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Spiritual Aspirant Undergoes Changes in His Attitude to God

The way a spiritual aspirant adores God depends upon his attitude towards himself. In other words, his level of consciousness determines his conception and adoration of God.

In his spiritual journey a spiritual aspirant undergoes changes in his attitude to God corresponding to the different degrees of purity of his mind, and finally reaches the culmination of spiritual life: oneness with God.

A verse attributed to Hanuman brilliantly describes this important spiritual principle: ‘When I think of myself as a body, I am the servant and You are my Master; when I think of myself as a jevatman, I am a part and You are the Whole. When I know I am the Spirit, I am Thou – this is my firm conviction!’


Those who have studied Sri Ramakrishna’s life know that he was a worshipper in the Kali temple there. But what a worship it was! A worship with a difference: he cried and wept for God, the divine fire raging in his heart consuming his very being, till the stone image revealed to him the Consciousness pervading it. He started communicating with his Divine Mother, and She with him. That marked the beginning of Sri Ramakrishna’s divine play on earth — unceasing adoration and realization of God in one aspect or another.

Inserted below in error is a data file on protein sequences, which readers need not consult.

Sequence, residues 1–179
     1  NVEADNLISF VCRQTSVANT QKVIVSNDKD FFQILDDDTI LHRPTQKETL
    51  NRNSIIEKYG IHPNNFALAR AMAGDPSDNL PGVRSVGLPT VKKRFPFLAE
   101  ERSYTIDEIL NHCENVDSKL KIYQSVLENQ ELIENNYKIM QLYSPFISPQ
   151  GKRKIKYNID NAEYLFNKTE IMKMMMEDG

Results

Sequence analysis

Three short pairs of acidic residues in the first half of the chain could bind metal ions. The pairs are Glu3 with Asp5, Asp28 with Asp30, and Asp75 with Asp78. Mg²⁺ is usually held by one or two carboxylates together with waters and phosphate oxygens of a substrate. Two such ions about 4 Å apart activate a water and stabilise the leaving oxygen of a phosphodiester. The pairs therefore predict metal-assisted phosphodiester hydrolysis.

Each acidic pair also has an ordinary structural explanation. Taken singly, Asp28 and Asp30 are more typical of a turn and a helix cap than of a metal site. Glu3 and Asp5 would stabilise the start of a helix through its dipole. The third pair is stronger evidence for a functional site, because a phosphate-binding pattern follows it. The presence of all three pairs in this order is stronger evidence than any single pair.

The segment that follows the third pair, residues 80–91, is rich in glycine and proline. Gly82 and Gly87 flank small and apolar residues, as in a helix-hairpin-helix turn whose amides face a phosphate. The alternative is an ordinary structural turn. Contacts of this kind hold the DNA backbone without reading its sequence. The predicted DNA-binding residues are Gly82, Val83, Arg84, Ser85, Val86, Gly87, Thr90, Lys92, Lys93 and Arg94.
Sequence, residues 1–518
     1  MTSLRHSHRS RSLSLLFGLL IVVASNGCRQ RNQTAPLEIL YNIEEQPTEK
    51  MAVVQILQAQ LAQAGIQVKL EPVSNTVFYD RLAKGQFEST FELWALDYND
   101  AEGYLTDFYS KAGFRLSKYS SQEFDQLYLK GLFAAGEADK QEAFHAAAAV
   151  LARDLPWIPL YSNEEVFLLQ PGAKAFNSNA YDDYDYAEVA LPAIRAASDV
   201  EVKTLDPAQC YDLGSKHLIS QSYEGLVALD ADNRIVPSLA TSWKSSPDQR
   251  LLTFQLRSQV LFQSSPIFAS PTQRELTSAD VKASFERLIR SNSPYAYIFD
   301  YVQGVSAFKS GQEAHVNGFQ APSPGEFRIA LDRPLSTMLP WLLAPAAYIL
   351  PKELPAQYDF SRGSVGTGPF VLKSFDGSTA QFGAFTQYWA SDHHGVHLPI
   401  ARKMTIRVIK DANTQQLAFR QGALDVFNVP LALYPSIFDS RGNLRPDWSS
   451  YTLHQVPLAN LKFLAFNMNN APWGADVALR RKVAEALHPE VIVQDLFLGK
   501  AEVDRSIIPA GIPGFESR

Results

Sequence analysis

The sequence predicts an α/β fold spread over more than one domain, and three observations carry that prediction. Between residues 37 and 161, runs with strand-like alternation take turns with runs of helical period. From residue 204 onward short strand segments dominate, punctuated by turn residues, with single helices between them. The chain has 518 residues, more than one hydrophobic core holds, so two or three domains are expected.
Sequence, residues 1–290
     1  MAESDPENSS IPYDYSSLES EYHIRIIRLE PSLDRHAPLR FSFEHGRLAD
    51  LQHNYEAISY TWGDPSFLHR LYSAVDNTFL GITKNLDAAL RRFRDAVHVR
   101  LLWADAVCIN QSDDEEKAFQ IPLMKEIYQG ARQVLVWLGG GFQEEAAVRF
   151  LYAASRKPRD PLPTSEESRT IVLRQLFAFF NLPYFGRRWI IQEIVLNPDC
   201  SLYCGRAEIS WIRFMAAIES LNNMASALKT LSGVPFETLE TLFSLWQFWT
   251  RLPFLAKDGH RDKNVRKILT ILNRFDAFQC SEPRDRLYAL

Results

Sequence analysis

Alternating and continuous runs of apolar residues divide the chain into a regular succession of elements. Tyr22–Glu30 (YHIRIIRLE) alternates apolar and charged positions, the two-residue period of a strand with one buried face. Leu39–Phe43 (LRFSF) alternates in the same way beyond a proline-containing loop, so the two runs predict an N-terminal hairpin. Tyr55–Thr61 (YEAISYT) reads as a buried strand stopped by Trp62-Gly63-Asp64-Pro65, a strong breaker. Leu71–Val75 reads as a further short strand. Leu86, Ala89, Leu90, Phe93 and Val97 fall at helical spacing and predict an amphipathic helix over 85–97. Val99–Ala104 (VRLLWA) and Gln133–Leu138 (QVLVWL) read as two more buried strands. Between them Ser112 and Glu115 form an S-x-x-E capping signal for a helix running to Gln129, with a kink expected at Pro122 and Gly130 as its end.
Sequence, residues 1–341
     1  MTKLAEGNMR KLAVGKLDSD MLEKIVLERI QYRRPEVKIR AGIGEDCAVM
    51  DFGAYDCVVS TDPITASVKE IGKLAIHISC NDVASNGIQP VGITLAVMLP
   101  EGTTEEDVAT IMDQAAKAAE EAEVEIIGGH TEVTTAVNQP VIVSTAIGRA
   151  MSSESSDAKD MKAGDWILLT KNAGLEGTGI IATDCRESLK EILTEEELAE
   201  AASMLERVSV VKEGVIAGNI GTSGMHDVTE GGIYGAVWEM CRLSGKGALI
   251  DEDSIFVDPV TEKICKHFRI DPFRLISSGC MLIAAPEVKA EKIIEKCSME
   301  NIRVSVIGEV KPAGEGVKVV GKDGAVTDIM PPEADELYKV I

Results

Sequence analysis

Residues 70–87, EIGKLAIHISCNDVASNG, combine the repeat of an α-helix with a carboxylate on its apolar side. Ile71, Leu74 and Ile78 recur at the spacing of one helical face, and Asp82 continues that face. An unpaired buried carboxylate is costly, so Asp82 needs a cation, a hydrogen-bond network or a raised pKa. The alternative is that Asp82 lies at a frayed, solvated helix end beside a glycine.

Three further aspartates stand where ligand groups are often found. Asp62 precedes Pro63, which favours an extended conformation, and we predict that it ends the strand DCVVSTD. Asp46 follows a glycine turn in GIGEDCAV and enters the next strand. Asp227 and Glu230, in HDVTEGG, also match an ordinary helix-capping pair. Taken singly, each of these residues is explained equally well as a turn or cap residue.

Source – Prabuddha Bharata Editorial January 2002

Wisdom of Nisargadatta Maharaj

  • Virtue is not to be acquired; what remains after the renunciation of vice is virtue.
  • To know the world you forget the Self, to know the Self you forget the world.
  • To be nothing, to have nothing, to keep nothing for oneself is the greatest gift, the highest generosity.
  • Don't pretend to be what you are not, don't refuse to be what you are.
  • If you do not care for pleasure, you will not be afraid of pain.
  • What you need will come to you if you do not ask for what you do not need.
  • The essence of saintliness is total acceptance of the present moment, harmony with things as they happen.
  • Desire is the root cause of all suffering. We suffer more by the desire for things than by lack of things.
  • As long as you are a beginner certain formalized meditations and prayers may be good for you. But for a seeker of reality there is only one meditation — the rigorous refusal to harbour thoughts. To be free from thoughts is itself meditation.